As anyone who has signed up for a “free” trial only to get billed 2 weeks later can attest, free trials are lame. The HP Stream 8 with Intel Inside® comes bundled with a 1 year subscription to a fully functional, cloud connected version of Microsoft Office, it’s not a trial and it doesn’t even ask for a credit card when you activate it.
Writing in the cloud is great because I can pick up whatever device is closest to me and pick up where I left off. That’s why I’ve been using a different cloud-based office suite for all my writing over the past 5 years. But because that particular office suite is web-based it has all sorts of issues. Office 365 is great because it installs the software locally on the device while syncing all your documents to the cloud. Whether I was updating my schedule in Excel or writing up this post in Word, it was great having a fully featured spreadsheet and word processor at my fingertips that didn’t freeze up every time the Internet connection got a little dodgy.
This brings me to my last point. While there are many ways to connect to the Internet while out and about, they all have their disadvantages. Looking for a Wi-Fi hotspot often involves buying a cup of coffee, and while Hawaii has some great coffee, I didn’t fly almost 4000 miles to hang out at some dimly lit coffee shop. LTE Wi-Fi hotspots are great and portable, but it’s another gadget to carry around and yet another monthly bill.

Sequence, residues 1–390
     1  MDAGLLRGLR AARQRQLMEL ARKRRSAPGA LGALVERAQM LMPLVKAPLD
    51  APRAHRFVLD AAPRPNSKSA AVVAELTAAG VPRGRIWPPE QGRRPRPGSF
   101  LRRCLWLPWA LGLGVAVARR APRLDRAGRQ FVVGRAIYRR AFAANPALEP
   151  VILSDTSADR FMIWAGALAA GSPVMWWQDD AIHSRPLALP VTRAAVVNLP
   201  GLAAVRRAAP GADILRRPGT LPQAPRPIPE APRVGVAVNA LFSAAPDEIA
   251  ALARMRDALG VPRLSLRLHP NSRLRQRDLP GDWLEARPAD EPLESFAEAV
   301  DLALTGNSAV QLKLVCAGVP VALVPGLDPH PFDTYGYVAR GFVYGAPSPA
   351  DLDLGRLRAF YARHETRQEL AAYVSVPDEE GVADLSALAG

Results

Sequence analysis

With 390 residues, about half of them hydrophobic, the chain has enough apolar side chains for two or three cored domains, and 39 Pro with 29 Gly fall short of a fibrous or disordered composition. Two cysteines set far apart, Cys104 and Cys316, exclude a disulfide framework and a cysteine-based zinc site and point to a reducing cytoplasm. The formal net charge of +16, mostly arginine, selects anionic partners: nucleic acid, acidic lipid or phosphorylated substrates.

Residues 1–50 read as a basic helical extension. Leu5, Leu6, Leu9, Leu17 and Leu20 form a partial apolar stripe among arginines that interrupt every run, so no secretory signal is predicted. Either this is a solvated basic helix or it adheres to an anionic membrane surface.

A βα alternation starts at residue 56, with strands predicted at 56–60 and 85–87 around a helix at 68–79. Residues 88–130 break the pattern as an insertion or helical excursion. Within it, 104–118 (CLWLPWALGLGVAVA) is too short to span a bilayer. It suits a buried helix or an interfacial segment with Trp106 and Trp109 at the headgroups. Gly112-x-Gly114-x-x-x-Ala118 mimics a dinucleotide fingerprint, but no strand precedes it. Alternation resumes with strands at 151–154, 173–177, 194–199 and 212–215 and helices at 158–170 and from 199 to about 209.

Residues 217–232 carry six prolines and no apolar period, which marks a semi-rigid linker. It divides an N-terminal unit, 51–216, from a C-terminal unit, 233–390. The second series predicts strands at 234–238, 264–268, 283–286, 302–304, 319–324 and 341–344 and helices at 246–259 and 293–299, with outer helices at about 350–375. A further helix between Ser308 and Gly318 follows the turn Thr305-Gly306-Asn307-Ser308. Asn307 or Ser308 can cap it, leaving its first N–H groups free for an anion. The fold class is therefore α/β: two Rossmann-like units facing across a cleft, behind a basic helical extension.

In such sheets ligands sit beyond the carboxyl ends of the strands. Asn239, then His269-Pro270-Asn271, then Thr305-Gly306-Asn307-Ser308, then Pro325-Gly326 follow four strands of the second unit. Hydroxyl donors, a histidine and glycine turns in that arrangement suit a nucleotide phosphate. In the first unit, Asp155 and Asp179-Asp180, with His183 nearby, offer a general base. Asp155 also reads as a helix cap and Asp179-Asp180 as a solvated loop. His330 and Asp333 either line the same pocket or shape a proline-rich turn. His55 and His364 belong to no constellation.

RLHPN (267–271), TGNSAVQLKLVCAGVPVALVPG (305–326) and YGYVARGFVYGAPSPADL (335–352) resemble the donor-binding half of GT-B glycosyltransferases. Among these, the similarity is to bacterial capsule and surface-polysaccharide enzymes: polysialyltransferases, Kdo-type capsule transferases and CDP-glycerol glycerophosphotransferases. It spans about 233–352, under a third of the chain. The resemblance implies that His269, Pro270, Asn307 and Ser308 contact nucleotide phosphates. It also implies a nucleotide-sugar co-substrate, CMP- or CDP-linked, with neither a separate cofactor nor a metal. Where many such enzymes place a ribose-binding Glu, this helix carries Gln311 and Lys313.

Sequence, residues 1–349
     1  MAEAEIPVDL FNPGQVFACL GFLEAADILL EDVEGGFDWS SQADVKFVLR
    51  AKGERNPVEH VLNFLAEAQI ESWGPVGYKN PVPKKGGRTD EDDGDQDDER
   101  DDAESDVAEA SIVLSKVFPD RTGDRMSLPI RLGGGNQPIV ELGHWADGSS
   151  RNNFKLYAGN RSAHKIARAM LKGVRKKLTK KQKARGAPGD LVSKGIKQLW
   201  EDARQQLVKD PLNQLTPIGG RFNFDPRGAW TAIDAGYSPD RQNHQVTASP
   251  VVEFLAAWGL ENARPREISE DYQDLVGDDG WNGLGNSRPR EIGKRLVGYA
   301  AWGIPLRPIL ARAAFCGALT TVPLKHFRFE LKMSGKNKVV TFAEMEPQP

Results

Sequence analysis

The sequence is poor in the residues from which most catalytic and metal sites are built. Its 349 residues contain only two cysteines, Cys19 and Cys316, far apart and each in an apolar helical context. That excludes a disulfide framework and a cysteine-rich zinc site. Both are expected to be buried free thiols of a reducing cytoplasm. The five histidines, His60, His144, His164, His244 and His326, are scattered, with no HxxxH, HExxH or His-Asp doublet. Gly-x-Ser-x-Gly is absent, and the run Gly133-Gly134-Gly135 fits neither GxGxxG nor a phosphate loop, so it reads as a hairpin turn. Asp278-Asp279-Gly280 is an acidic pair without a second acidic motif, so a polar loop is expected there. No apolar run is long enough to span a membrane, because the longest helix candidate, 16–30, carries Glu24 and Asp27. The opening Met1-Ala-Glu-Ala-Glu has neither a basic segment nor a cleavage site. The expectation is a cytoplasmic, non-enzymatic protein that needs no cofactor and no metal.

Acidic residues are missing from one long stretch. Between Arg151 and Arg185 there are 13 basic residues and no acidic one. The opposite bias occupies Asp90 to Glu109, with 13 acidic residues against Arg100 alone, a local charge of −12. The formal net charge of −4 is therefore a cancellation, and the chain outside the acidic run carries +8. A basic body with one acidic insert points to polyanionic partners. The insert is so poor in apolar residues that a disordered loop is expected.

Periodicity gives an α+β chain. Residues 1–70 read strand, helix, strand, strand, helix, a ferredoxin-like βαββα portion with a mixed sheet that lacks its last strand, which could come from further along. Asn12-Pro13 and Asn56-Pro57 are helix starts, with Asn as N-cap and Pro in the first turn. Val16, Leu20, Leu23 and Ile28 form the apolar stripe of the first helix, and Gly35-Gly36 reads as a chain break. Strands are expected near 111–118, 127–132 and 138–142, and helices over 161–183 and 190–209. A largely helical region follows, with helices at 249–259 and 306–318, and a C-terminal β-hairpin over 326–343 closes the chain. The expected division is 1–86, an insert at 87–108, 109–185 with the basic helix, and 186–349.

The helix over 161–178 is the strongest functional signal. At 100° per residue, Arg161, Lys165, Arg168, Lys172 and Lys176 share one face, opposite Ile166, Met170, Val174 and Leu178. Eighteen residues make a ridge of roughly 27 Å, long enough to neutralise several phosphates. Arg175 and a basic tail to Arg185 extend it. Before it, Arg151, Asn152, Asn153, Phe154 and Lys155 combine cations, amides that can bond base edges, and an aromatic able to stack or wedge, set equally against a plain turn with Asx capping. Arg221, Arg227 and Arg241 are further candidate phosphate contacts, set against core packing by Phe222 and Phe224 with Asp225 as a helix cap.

With the Stream 8, HP has done something truly innovative and has included a T-Mobile SIM card with a free 4G data plan for the lifetime of the device. This is the feature that more than anything, allowed me to work from the beach, responding to emails, comments, and follow up on social media posts, free of wires or having to worry about a monthly bill.
Sure, any tablet that comes equipped with a cellular antenna can get access to the Internet, but I can’t think of another device (tablet, laptop or otherwise), that comes with a free LIFETIME data plan. I’ll let you ponder the gravity of this for a moment.
Do you see why this gets me so excited? Okay, so there is one small catch: there’s a 200MB monthly cap, but this is plenty to get a very nice tan before heading back to some shade and Wi-Fi.
What review would be complete without testing a device’s durability. The thing is, I hate the idea of a durability test. Often involving ridiculously implausible scenarios, like dropping a 50 pound safe on a smartphone or sticking a device in a blender, they don’t prove much more than the fact that those involved have more money than sense. That’s why I hadn’t planned on testing the durability of the Steam 8. Unfortunately, being the clumsy oaf that I am, fate intervened and created a test of its own.